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RE: [R3xx] Requirements Section "4.2 Simplicity and Stability" -- com parison with SOAP1.1.

From: David Ezell <David_E3@Verifone.Com>
Date: Wed, 7 Feb 2001 10:24:46 -0500
Message-ID: <472E220BA79DD11186340060B06B38D9033AD2AB@tpantmail1.ssr.hp.com>
To: "'Henrik Frystyk Nielsen'" <frystyk@microsoft.com>
Cc: "'xml-dist-app@w3.org'" <xml-dist-app@w3.org>
On Wed 1/31/2001 1:06 PM -0500 Henrik Frystyk Nielsen wrote:
> David Ezell wrote:
>> === R300
>> In SOAP1.1, "1. Introduction", SOAP specifically declines to define an
>> architecture, abstract or otherwise:  "SOAP does not itself define
>> any application semantics... or implementation semantics...; rather it
>> defines ... a modular packaging model and encoding mechanisms...".  
>I think there is a big difference between not defining any application
>semantics and not defining a model. As it absolutely is the intent that
>SOAP can be used to solve real world problems (carry application
>semantics) one could argue that it is not possible to have a protocol
>like SOAP without a model for how application semantics can be added.

I don't believe we're saying it doesn't define a model, or can't be
used to solve any real-world problems.  What we are saying is that
XML Protocol Requirements goes beyond "modular packaging model and 
encoding mechanisms".  At least it seems so to me.

>At least to me, the protocol binding model in SOAP is definitely a
>layering model allowing SOAP to be exchanged in a variety of ways
>without tying it to a single environment, no?
>> The semantics mentioned are some of the key elements in the abstract
>> models which are being introduced.
>I don't believe it is the purpose of the abstract model for XML Protocol
>to define application semantics - I think it is more a question of
>defining how the modules fit together: application semantics go here,
>transfer semantics go here, etc.

I agree, it's not the purpose of AMG to define application semantics.
I do think it is their charge to help us better understand the model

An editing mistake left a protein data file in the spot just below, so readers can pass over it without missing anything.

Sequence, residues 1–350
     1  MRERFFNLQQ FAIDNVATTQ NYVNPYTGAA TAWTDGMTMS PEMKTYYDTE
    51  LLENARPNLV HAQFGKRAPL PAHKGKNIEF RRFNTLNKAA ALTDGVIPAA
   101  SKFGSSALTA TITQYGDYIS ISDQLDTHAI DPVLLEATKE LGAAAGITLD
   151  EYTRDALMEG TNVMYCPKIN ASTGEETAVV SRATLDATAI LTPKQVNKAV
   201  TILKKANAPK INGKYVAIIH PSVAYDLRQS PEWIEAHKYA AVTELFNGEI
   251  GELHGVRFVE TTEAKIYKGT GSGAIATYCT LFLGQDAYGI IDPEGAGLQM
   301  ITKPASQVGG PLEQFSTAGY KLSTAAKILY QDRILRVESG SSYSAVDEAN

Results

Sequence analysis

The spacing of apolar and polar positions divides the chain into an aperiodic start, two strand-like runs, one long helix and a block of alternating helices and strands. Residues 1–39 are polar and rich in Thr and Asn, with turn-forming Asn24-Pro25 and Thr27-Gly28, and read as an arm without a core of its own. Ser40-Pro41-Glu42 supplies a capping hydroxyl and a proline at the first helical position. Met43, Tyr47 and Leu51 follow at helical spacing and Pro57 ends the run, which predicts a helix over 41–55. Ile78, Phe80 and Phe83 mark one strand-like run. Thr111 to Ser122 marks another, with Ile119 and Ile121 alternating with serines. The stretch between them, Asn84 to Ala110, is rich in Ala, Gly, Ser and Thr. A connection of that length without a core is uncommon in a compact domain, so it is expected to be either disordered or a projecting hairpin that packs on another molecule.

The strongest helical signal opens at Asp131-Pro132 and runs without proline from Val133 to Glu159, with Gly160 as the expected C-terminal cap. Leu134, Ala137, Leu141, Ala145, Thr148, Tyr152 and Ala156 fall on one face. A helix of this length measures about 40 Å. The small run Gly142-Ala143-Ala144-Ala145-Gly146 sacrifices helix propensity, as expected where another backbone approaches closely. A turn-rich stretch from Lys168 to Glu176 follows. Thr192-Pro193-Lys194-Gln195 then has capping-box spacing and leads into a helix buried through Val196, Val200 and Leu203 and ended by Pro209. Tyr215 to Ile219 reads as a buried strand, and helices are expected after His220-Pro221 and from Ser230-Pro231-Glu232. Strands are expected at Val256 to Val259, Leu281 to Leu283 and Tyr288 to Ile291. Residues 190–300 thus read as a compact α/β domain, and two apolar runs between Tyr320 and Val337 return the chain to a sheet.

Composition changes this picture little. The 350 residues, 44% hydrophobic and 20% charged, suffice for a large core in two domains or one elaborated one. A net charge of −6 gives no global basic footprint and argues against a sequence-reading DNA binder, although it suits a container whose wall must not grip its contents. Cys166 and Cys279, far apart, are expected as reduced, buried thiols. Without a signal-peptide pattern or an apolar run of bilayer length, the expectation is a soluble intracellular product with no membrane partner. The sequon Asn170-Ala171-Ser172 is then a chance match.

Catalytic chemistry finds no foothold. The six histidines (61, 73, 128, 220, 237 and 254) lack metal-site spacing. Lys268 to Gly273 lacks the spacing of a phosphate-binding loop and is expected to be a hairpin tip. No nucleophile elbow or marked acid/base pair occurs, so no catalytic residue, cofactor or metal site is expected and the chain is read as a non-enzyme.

which in turn allows us to define how the modules fit together.  While
the underlying model (presumably in common between SOAP1.1 and XML Protocol)
may be clear in the minds of some folks, the WG has seen enough need
for further study.

>> Since SOAP1.1 defines only a "modular packaging model" and "encoding
>> mechanisms",
>> conformance with SOAP1.1 can be viewed as "validation" 
>> conformance (as in
>> DTD or Schema validation).  "XML Protocol requirements" is 
>> suggesting a more
>> rigorous conformance test which includes semantics defined in 
>> in-scope usage
>> scenarios, i.e. certain types of behavior.
>I don't think the SOAP validation model is only to validate the model -
>it is in fact to process the message according to the rules or generate
>a fault. I agree that the rules are written in a rather sparse manner
>but there certainly are rules for how to process a SOAP message.

So, SOAP1.1 does go a little farther than just "validate the document",
which could be described as "process it and send a fault if it doesn't
work."  XML Protocol Requirements, through the definitions of approved
(and thereby included) scenarios, promises to be much broader.  If
the term "more rigorous" is not acceptable, perhaps "broader" is more
accurate with regard to the "conformance test". 

Best Regards,
David Ezell

Received on Wednesday, 7 February 2001 10:24:50 UTC

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